Markham is launching an innovative and aggressive textile recycling program which will see the installation of municipally managed textile donation containers at City facilities, including Markham Recycling Depots, Fire Stations and Community Centres. The new textile donation containers will be installed in the fall of 2016.
The initiative has been made possible through a $67,000 grant the City of Markham received from the Federation of Canadian Municipalities under the Green Municipal Fund. Markham's textile recycling program will serve as a demonstration for other municipalities and help build awareness on the carbon costs of textiles ending up in the landfill. Today, more than seven per cent of Markham's waste is made up of textiles.
"Markham is the best in the country when it comes to waste diversion-we have an over eighty per cent diversion rate," said Councillor Logan Kanapathi who is on the Environmental and Sustainability committee.
Markham's strong business partnership with Salvation Army to deliver this program will see Salvation Army providing 100 per cent of the bin collections service at no cost. On a daily basis, the Salvation Army will service the textile donation containers and bring the material to their Markham Thrift Store where items will be sorted to determine suitability for re-wear, reuse or recycling.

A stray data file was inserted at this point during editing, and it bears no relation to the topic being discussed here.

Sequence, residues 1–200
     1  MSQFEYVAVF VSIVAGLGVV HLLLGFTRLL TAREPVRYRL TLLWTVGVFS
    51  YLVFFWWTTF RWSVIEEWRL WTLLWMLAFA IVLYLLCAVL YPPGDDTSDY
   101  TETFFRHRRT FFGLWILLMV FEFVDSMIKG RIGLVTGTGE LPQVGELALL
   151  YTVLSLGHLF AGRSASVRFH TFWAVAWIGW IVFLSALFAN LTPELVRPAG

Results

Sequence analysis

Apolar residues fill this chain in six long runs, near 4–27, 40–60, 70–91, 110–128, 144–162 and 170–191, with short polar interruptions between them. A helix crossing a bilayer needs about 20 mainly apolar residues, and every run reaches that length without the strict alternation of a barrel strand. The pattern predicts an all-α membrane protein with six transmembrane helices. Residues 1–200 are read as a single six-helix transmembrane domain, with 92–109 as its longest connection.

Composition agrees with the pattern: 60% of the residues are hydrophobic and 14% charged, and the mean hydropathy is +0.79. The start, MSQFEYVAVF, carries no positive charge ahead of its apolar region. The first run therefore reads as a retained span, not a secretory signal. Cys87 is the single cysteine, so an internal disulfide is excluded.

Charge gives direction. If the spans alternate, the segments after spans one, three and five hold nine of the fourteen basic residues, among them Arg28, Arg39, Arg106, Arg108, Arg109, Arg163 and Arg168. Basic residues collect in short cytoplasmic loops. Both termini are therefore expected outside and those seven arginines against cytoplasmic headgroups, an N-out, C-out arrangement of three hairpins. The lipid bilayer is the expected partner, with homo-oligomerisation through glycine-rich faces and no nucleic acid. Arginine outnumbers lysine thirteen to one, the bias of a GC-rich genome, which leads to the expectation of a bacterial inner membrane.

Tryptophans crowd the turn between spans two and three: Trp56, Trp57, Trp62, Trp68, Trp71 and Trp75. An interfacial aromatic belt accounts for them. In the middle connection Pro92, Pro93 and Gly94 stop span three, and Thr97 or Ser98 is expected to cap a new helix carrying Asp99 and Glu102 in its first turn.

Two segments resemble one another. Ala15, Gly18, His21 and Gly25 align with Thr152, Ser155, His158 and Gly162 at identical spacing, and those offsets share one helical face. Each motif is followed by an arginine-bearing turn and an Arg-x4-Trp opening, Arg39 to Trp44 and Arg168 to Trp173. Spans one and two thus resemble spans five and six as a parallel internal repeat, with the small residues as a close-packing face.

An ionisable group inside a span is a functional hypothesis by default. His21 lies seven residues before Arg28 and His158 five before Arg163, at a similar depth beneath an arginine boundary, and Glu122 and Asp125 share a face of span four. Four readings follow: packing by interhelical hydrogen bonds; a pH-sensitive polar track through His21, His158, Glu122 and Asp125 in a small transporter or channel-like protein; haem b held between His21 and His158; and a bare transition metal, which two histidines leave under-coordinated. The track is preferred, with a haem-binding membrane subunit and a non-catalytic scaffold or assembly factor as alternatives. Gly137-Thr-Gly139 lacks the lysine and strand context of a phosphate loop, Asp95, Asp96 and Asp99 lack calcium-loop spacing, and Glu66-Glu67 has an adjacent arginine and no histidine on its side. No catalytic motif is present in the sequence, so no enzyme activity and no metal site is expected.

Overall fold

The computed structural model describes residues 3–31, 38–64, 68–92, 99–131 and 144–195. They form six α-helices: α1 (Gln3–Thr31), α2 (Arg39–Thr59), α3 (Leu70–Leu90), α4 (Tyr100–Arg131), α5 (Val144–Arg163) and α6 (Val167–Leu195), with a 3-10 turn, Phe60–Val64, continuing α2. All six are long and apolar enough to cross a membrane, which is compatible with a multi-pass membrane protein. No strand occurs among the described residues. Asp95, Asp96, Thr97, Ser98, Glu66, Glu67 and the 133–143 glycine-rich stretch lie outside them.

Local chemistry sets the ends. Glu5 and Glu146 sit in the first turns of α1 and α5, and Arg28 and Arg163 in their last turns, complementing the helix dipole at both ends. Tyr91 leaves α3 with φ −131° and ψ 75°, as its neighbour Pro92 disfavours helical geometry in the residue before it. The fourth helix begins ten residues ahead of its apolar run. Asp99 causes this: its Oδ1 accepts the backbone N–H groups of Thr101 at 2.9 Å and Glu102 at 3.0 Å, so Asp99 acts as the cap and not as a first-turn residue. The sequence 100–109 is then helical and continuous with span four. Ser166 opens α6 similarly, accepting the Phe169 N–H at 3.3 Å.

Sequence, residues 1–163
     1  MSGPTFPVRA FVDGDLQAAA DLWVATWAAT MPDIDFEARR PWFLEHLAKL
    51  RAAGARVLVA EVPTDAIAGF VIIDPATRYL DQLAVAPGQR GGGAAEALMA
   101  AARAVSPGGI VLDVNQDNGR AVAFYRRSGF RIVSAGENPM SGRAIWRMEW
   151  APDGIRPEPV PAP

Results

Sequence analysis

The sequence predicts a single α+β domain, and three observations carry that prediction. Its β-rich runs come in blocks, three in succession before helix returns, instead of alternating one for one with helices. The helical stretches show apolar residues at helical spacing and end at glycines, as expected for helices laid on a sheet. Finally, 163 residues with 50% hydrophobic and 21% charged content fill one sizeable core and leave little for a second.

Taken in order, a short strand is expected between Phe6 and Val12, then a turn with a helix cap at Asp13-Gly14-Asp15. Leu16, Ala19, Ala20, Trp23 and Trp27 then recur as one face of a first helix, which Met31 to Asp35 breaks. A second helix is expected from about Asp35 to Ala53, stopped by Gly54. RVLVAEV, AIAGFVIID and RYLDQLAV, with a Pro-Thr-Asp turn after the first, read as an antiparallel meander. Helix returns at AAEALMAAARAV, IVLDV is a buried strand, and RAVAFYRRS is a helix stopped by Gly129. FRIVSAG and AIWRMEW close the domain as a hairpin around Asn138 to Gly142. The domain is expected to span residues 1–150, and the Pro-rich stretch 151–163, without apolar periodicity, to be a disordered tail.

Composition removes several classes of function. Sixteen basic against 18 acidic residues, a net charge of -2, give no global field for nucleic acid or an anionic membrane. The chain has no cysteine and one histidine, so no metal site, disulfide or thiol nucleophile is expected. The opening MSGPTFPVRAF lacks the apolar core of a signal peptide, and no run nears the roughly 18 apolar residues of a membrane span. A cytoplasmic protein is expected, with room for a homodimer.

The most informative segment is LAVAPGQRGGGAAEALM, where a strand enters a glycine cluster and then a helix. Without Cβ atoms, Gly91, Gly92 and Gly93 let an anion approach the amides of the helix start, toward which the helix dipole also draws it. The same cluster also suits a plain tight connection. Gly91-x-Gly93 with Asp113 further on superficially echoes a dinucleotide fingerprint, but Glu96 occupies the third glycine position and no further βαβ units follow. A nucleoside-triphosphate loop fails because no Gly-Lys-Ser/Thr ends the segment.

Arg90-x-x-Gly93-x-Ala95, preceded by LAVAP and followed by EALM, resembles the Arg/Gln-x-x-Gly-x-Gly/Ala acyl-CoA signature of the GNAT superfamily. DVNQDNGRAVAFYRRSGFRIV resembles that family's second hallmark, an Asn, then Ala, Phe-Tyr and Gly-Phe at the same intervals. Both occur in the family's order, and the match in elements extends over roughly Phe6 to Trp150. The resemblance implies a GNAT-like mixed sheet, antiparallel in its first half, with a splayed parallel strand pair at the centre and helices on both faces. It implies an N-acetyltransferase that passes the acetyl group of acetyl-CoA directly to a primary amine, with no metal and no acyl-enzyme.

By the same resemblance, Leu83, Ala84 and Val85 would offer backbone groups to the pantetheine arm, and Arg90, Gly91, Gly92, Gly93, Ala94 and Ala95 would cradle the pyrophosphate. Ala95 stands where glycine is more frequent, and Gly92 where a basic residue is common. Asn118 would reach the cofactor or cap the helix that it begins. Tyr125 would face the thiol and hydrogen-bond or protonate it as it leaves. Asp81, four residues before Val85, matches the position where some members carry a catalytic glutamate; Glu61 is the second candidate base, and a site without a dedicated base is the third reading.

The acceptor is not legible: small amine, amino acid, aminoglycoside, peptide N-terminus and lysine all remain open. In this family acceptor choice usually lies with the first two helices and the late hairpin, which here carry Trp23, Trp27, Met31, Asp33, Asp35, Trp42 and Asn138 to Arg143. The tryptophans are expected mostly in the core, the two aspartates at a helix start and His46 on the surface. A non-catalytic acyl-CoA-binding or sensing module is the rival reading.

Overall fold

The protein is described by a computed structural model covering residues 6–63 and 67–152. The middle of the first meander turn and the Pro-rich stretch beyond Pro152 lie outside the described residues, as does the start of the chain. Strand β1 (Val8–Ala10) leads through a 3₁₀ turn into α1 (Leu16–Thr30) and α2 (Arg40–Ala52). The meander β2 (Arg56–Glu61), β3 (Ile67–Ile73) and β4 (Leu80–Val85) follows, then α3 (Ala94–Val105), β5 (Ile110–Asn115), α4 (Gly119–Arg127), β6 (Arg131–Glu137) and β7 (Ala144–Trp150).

The textile donation containers will feature new and cutting-edge technology, including battery-operated sensors that will detect when the bin is full and activate an alert for pick up-to avoid overfilling.
Markham's new textile recycling program will receive all textile donations, including: boots, shoes, pants, shirts, sweaters, curtains, blankets, towels and many other items.
Visit www.Markham.ca for details.
Photo: Councillor Logan Kanapathi with City of Markham director of environmental services Peter Loukes in front of one of the new, larger textile donation containers which will be located at a few key high-traffic locations, including at the Pan Am Centre. There will be many more of the regular size donation containers also located throughout the city later this year.